Nesting is the most critical and stressful time in a bird's life.

It is vitally important that photographers keep an appropriate distance from nesting birds so as to ensure that they do not:

  • accidentally, or deliberately, cause damage to the nest or nest site;
  • cause nest desertion or stress to the nesting adults or nestlings;
  • attract predators to the nest site; and/or
  • remain at a distance from the nest site, which elicits a behavioural response from the nesting bird(s) - such as ‘broken wing’ response or the nesting bird not returning immediately to the nest.

In any event, photographers must NOT, in relation to nesting birds:

  • damage or trample vegetation that results in exposing a nest;
  • startle a bird as that may cause it to accidentally break or eject the eggs or cause the premature eruption of young from the nest;
  • ‘garden’ the area around the nest by removing branches or other objects which may block a clear view of the nest thus increasing the exposure of the nesting birds to adverse weather and to predation;
  • modify the nest or its approaches in order to force the bird into a more photogenic position;
  • linger too long in the bird’s core territory;
  • visit nests in early mornings, dusk or inclement weather when any desertion by a parent may result in the eggs/young becoming cold;
  • use call playback in the vicinity of a nesting bird which causes the bird to leave the nest to respond to the playback;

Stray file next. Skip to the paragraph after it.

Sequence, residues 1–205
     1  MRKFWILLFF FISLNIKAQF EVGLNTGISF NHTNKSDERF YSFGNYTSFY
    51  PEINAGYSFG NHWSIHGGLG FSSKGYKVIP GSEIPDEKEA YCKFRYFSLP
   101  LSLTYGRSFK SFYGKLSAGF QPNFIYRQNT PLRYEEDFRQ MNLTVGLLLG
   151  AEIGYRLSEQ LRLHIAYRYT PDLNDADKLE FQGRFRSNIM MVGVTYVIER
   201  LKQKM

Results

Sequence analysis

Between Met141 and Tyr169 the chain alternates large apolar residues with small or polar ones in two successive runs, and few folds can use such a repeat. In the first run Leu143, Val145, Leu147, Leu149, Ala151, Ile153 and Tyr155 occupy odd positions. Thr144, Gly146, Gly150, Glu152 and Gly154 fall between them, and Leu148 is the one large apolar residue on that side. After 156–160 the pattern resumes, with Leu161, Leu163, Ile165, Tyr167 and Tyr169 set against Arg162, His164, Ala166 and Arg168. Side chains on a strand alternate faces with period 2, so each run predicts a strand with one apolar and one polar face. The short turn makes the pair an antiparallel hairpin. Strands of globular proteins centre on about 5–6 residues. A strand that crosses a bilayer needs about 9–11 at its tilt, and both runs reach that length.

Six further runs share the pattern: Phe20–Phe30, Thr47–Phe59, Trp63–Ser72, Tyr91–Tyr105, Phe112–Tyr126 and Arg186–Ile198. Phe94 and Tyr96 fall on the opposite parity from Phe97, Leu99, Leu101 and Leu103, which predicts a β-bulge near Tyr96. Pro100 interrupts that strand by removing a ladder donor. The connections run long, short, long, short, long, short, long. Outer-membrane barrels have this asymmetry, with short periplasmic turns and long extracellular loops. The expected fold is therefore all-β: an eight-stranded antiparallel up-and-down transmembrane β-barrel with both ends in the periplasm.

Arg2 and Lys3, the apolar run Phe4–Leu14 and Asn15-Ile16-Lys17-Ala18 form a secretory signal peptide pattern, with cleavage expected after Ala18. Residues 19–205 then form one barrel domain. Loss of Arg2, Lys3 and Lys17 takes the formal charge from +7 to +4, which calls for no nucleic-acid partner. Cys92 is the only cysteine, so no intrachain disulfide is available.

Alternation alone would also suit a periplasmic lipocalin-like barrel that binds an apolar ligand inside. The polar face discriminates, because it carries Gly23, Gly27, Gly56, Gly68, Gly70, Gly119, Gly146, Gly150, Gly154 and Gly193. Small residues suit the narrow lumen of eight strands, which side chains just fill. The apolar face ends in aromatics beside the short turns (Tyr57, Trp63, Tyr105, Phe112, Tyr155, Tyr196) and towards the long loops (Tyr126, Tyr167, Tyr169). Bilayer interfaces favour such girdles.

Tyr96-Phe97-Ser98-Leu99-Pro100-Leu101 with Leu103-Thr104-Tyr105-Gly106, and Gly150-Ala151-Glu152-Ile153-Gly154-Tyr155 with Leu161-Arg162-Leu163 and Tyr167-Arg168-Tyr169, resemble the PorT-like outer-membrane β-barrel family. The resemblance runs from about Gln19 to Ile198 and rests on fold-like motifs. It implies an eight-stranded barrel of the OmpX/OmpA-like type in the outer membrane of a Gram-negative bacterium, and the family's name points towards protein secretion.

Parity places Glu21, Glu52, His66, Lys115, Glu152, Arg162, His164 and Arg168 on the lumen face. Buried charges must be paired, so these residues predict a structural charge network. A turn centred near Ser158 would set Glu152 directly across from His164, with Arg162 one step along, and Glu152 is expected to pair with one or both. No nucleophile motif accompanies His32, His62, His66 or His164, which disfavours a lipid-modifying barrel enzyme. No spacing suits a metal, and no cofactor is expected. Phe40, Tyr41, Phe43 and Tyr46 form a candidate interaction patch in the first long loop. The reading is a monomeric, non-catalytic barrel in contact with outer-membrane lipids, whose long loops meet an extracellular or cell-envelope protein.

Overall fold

• use flash on a nesting bird;
  • show undue attention to an otherwise well-camouflaged nest (eg birds nesting on the beach or in dense foliage);
  • walk to the nest and back along the same path, leaving a dead-end trail; and/or
  • act contrary to the law (I have conducted a review of the legislation surrounding national parks and reserves in Australia which is relevant to photographers. Please take the time to read: click here.  

 

Great Egret with nesting material

 

Report rare nesting birds only to the authorities

Before advertising the presence of a rare bird, evaluate the potential for disturbance to the bird, its surroundings, and other people in the area, and proceed only if access can be controlled, disturbance minimized, and permission has been obtained from private land-owners. The sites of rare nesting birds should be divulged only to the proper conservation authorities (eg Night Parrot, Western Ground Parrot). See also article: Rare Bird Sightings: Share or Shut-up? 

Keep any spotlight on a bird to seconds, not minutes

Use lower intensity spotlights, red filters and direct the light to the side of the subject rather than directly into its eyes.
 

If you enjoy photographing birds, you have a duty to do something to ensure their survival too

If we don’t, who else in our community will?  To find out more about our threatened birds: See  Australia's Endangered Birds. To donate your money or your time, go to: 
 

  • BirdLife Australia (which runs the Carnaby's Black-Cockatoo Recovery Project, Orange-bellied Parrot Recovery, Painted Snipe Project, Bittern Project, Shorebirds 2020, Beach-nesting birds and the Threatened Birds Network, among others). 
  • Friends of the Western Ground Parrot (premier group responsible for raising money to help save the critically endangered Western Ground Parrot from extinction).


Further Information/Guidelines 

For more information on ethical birding: